Moreover, from Examples 1-6 and the foregoing general description of cables formed in accordance with the invention, it will now be understood that a multi-strand cable formed by the invention disclosed herein is characterized by a relatively flattened region 13, 33, or 37 which extends along the length of each layer strand 12, 32 or 36 and which is positioned in the perimeter of the layer strand 12, 32 or 36 so that it defines that portion of the perimeter which is most remote from a core strand 11 or 31. It will also be understood that the width of a region 13, 33 or 37 is limited so that the cross-section of a layer strand 12, 32 or 36 remains substantially circular. This limiting of the width of a region 13, 33 or 37 serves to provide substantial wedge-shaped valleys 17, 34, and 37 between adjacent layer strands 12, 32 or 36 and to otherwise provide a cable which does not have the undesirable physical properties which are characteristic of a prior art compact cable. However, even a region 13, 33 or 37 which is limited in width provides a cable which does not hag'e the undesirable properties of a prior art uncompacted ca le.

In connection with the width of a region, 13, 33 or 37, it will be noted from FIGS. 1 and 3 that the portion of the perimeter of a layer strand 12, 32 or 36 which is defined by a region 13, 33 or 37 is approximately twentyone percent of the perimeter. When the Examples 1-6 are manufactured and examined, it will be found that the portion of the perimeter of a layer strand 12, 32 or 36 which is defined by a region 13, 33 or 37 is also approximately twenty-one percent or less.

Thus, from a production standpoint, it will be understood that a multi-strand cable formed by the embodiments of the invention disclosed herein is a cable which has a region 13, 33 or 37 along each layer strand 12, 32, or 36 so as to avoid the undesirable characteristics of a conventional uncompacted cable but in which region 13, 33 or 37 is limited to a Width that defines less than twentytwo percent of the perimeter of a layer strand 12, 32, or 36 so as to avoid the undesirable characteristics of a conventional compact cable.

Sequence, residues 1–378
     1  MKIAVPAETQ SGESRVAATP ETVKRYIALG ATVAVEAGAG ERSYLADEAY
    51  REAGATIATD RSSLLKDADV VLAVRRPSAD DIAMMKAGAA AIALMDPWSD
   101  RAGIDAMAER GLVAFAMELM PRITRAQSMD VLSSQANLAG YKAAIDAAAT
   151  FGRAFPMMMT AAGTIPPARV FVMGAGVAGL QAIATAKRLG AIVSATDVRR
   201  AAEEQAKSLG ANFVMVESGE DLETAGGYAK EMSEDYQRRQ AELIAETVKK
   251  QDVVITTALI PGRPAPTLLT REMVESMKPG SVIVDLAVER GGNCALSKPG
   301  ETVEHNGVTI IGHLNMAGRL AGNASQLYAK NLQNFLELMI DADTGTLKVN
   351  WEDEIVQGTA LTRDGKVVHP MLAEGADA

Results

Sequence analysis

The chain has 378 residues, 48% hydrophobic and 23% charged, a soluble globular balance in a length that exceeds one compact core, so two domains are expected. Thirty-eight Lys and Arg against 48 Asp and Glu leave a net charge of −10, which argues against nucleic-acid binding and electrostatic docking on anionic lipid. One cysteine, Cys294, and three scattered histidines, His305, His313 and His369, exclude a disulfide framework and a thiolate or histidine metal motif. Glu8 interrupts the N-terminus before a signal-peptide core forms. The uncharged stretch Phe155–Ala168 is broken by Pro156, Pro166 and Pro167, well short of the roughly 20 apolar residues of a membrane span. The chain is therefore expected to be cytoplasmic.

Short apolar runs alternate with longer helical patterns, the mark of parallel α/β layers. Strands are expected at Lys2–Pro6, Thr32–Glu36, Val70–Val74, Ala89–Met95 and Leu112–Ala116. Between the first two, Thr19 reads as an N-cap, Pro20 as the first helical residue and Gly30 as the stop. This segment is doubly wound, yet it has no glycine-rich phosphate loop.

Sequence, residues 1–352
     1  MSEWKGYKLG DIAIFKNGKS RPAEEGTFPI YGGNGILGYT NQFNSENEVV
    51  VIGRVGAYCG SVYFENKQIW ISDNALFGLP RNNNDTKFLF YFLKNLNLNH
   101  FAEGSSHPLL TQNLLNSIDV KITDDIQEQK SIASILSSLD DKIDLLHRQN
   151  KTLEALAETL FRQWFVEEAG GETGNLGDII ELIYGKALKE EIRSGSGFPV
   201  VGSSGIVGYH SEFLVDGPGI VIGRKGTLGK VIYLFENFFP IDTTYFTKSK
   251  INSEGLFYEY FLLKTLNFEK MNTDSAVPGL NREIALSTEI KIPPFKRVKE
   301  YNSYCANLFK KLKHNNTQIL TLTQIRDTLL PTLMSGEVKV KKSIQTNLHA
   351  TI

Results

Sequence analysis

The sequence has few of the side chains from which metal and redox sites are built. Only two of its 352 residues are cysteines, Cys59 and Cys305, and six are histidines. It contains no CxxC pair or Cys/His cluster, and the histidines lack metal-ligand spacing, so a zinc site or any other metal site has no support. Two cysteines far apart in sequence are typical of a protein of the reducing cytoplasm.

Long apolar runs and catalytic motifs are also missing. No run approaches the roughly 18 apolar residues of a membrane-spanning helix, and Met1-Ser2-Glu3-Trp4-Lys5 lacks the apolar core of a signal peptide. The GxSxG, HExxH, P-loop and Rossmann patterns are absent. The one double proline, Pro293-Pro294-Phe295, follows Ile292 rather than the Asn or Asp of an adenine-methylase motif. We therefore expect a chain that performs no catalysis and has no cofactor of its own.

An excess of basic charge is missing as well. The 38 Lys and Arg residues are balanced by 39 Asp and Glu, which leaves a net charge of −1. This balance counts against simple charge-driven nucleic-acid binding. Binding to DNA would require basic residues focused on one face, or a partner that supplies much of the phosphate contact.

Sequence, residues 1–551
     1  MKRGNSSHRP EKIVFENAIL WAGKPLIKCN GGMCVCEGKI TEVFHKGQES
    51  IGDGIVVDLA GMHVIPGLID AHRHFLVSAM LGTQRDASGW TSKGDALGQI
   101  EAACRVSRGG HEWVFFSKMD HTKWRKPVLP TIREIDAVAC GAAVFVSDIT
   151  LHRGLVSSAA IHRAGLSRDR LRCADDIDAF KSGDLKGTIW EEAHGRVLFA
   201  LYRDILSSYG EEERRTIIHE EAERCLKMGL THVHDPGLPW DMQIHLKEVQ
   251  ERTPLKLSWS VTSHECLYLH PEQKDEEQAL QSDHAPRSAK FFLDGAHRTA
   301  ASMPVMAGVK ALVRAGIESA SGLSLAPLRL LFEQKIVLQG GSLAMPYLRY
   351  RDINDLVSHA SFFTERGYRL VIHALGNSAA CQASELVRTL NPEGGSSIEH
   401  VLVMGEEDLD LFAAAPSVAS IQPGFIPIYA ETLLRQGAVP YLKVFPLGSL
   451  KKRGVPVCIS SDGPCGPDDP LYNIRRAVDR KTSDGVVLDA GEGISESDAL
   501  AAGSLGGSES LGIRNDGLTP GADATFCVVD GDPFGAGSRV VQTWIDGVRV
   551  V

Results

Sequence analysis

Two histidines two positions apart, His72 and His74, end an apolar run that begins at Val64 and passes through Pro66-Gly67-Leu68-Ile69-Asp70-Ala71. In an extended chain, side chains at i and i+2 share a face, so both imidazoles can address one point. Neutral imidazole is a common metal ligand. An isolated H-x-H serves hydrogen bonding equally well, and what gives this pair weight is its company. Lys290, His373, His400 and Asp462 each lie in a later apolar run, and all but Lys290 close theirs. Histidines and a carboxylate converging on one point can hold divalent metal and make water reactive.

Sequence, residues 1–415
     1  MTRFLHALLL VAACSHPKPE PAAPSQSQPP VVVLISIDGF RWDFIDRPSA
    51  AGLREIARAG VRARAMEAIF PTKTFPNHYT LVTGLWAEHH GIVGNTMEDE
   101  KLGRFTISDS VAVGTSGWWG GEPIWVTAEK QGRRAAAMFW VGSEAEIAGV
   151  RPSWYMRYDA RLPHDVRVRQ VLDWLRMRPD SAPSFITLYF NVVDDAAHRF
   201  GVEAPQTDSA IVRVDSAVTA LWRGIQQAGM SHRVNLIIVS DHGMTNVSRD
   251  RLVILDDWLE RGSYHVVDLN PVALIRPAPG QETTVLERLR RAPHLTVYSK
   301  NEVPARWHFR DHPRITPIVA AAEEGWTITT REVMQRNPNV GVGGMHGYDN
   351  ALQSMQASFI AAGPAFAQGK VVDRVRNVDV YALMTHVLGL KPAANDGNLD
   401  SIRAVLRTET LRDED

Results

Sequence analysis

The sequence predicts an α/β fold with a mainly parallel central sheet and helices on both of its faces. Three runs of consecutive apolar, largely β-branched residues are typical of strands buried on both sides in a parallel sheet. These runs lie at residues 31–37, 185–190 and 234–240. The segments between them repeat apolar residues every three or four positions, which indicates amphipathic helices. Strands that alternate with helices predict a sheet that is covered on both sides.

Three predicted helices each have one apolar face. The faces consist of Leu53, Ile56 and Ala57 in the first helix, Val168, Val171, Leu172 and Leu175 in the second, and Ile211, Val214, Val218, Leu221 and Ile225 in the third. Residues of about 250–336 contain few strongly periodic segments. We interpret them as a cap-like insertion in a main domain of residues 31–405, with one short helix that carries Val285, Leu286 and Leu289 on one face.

We claim:

1. A method of forming a multi-strand cable comprising the steps of stranding a first layer of strands about a core strand and deforming each of the first layer strands to flatten portions of their outwardly facing peripheral surfaces along their entire length while substantially retaining the rounded configurations of the entire remaining peripheral surfaces of the strands.

2. A method according to claim 1 including successively stranding at least one additional layer of strands about the first layer of deformed strands and successively deforming each of the strands of the layer to flatten portions of their outwardly facing peripheral surfaces along their entire length while substantially retaining the rounded configurations of the entire remaining peripheral surfaces of the strands.

3. A method according to claim 1 including applying an insulating sheath over the stranded structure.

4. In a method of forming a multi-strand cable having a plurality of strands wound about at least one strand, the step of deforming said plurality of strands by a force which is sufficient to deform said plurality of strands but which is not sufiicient to cause substantial deforming of said at least one strand.

5. The method of claim 4 in which each of said plurality of strands has a substantially circular cross-section prior to said deforming and in which said force is restricted to that force that flattens only a portion of said circular cross-section.

6. The method of claim 5 in which said cross-section defines a perimeter and in which said portion has a length in said perimeter which is less than twenty-two percent of said perimeter.

7. The method of claim 4 including the step of windin g said plurality of strands about said at least one strand prior to said deforming said plurality of strands.

8. The method of claim 4 including the step of winding said plurality of strands about said at least one strand substantially simultaneously with said deforming said plurality of strands.

9. The method of claim 4 in which said at least one strand is a core strand and in which said plurality of strands is wound about said core strand and a second plurality of strands and including the step of deforming said second plurality strands prior to said step of deforming said strands.

10. In a method of forming a multi-strand cable having a layer of strands which are substantially circular in cross-section, the step of deforming a strand to form a single flattened region along its length while said strand is in said layer.

References Cited UNITED STATES PATENTS 1,888,076 11/1932 Evans 57-161 XR 2,071,709 2/1937 Riddle 57-166 2,156,652 5/1939 Harris 57162 3,083,817 4/1963 Campbell 5716l 3,130,536 4/1964 Peterson et a1 57--161 3,234,722 2/1966 Gilmore 57161 XR 3,295,310 1/1967 Beighley 57145 FOREIGN PATENTS 330,916 8/1903 France.

DONALD E. WATKINS, Primary Examiner.

US. Cl. X.R. 57162

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Classifications
U.S. Classification57/9, 57/15, 57/215
International ClassificationD07B7/00
Cooperative ClassificationD07B7/00
European ClassificationD07B7/00